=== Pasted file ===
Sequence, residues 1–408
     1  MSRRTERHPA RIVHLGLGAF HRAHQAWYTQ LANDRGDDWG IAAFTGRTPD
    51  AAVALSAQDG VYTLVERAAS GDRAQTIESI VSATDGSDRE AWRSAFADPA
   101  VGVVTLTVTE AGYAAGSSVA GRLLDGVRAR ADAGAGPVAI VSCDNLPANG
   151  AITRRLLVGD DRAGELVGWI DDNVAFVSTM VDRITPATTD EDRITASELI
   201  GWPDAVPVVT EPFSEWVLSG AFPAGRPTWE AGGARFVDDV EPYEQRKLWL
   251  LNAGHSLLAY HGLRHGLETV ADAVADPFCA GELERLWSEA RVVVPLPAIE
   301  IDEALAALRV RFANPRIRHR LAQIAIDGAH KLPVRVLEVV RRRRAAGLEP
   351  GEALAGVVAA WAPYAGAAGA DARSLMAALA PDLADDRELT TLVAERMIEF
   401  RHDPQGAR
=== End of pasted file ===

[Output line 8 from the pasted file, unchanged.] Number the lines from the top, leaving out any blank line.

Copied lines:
   301  IDEALAALRV RFANPRIRHR LAQIAIDGAH KLPVRVLEVV RRRRAAGLEP